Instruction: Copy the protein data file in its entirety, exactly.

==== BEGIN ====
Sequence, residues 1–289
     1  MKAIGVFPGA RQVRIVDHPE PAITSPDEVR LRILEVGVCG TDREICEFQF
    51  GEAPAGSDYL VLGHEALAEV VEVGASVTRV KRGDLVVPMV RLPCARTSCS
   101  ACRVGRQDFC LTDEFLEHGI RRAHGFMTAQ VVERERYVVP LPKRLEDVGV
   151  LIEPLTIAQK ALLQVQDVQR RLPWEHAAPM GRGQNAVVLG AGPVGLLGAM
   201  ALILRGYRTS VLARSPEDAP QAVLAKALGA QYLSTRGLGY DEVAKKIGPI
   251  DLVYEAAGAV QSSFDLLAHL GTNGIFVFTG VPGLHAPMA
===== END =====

Sequence, residues 1–289
     1  MKAIGVFPGA RQVRIVDHPE PAITSPDEVR LRILEVGVCG TDREICEFQF
    51  GEAPAGSDYL VLGHEALAEV VEVGASVTRV KRGDLVVPMV RLPCARTSCS
   101  ACRVGRQDFC LTDEFLEHGI RRAHGFMTAQ VVERERYVVP LPKRLEDVGV
   151  LIEPLTIAQK ALLQVQDVQR RLPWEHAAPM GRGQNAVVLG AGPVGLLGAM
   201  ALILRGYRTS VLARSPEDAP QAVLAKALGA QYLSTRGLGY DEVAKKIGPI
   251  DLVYEAAGAV QSSFDLLAHL GTNGIFVFTG VPGLHAPMA